Year: 2021 Source: International Journal of Social Psychiatry. (2021). 1-8. doi: 10.1177/00207640211027210. SIEC No: 20210700

Background: Each year, around 800,000 people die by suicide. The prevalence of suicidal behaviors is much higher when suicidal attempts and persistent self-injurious ideation are included. Therefore, suicide is a public health concern. Research has been sensitive to this problem, deepening the study of risk factors and the development of theoretical frameworks of suicidal behavior, with the aim of generating effective suicide prevention policies around the biopsychosocial model.

Aim: We aimed to explore the role of relational, community, and social factors in current suicide prevention strategies.

Method: Studies of risk and protective factors for suicidal behavior and the consequent development of theoretical frameworks were reviewed to verify if this knowledge was really used in suicide prevention policies.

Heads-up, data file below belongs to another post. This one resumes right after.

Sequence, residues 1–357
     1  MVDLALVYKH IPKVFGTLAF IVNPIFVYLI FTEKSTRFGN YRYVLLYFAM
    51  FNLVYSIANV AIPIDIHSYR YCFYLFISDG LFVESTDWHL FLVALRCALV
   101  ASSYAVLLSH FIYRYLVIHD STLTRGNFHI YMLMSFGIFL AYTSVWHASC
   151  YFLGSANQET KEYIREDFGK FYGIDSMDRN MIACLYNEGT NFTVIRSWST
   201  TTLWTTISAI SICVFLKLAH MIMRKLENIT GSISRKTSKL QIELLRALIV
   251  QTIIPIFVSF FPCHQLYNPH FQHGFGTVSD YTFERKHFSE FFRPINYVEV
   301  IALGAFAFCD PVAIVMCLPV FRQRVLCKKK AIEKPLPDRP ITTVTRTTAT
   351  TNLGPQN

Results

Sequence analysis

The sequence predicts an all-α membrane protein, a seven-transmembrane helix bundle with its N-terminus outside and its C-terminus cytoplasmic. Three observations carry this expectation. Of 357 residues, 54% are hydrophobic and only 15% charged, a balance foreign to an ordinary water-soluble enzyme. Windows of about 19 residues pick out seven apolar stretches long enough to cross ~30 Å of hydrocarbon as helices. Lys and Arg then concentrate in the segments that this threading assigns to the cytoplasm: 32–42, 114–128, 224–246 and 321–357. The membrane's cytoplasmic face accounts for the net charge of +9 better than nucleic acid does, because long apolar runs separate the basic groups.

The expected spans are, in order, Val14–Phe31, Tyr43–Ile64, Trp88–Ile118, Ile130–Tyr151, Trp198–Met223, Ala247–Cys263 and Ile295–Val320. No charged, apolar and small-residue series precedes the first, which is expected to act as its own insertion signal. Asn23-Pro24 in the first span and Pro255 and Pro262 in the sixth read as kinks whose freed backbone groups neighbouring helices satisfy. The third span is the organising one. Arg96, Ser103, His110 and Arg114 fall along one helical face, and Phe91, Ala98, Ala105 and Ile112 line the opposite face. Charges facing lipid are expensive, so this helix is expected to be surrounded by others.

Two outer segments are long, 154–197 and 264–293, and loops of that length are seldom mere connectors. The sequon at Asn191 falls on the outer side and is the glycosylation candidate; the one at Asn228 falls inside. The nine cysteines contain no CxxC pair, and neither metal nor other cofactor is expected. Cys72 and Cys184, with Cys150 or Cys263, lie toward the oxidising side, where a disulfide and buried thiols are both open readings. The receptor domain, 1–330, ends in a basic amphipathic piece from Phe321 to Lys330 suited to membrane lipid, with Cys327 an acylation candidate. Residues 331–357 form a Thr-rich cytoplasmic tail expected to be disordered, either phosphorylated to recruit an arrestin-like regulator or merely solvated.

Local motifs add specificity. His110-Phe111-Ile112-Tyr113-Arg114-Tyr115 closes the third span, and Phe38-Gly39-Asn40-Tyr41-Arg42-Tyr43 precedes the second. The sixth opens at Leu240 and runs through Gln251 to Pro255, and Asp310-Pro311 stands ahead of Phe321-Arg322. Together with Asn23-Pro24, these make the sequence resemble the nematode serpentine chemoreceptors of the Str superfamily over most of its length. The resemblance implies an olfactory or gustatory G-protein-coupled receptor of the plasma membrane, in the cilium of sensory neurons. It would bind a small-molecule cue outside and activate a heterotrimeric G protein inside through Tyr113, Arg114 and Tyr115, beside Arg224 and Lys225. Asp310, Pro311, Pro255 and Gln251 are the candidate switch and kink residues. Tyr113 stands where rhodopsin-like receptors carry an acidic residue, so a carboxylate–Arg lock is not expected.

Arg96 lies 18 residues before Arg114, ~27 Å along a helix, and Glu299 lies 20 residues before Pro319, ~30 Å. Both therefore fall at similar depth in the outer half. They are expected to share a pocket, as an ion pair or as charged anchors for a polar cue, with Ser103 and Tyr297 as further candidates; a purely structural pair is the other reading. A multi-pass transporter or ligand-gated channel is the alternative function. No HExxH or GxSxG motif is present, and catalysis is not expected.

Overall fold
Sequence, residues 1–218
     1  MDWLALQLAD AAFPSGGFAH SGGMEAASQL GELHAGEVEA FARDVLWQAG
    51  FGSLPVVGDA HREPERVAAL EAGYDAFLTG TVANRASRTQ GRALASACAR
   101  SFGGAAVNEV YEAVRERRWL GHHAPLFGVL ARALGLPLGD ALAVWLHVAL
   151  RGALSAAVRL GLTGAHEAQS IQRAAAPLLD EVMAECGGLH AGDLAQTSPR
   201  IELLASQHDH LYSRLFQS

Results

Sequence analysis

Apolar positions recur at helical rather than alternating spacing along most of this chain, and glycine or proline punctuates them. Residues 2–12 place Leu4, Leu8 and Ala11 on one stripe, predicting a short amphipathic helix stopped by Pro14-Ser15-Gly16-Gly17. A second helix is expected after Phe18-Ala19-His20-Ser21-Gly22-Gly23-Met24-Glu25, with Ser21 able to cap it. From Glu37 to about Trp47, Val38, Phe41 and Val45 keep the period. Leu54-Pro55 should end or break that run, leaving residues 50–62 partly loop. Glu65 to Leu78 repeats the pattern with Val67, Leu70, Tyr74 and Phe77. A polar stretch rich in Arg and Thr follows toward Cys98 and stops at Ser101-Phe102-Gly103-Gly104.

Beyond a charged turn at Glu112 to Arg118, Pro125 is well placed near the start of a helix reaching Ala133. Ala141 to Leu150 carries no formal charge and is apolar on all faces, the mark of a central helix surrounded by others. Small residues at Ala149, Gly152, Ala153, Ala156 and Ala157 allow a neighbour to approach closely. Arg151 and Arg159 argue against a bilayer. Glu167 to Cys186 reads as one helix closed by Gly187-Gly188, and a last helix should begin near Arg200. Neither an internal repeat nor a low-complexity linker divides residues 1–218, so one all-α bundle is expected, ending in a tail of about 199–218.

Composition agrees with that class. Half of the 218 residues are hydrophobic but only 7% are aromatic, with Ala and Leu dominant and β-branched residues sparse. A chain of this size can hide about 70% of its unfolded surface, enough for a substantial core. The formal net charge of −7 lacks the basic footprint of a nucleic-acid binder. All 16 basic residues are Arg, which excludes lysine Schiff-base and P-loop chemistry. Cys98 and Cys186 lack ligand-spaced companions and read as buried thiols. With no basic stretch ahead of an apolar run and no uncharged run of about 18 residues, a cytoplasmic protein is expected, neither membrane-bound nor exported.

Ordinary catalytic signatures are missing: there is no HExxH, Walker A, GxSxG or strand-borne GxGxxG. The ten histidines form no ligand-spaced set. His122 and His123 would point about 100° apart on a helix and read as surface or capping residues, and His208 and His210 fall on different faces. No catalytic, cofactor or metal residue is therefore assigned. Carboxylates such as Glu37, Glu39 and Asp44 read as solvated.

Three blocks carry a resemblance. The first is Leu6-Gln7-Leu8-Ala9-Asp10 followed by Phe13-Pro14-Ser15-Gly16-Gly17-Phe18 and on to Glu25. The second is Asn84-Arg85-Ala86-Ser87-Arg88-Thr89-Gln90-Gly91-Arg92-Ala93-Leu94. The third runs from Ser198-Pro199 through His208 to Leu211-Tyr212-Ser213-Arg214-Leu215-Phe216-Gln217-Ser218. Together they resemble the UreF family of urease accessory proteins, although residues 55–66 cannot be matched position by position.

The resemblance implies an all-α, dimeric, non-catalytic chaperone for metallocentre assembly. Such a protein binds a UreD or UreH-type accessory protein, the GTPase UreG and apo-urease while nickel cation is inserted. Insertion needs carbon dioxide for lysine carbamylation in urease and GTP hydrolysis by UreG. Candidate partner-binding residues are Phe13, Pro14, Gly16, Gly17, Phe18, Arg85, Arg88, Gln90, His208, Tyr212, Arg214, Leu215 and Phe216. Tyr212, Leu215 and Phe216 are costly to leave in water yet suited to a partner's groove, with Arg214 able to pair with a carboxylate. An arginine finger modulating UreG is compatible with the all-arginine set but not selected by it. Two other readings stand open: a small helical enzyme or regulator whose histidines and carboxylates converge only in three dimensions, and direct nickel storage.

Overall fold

Results: Studies of risk and protective factors focus mainly on the individual, while theoretical frameworks emphasize the role of the relational, community, and social. Suicide prevention strategies more closely follow individual models derived from studies of risk factors.

Conclusions: Suicide prevention strategies should broaden their individual narrative to include relational, community, and social interventions as anti-suicide measures.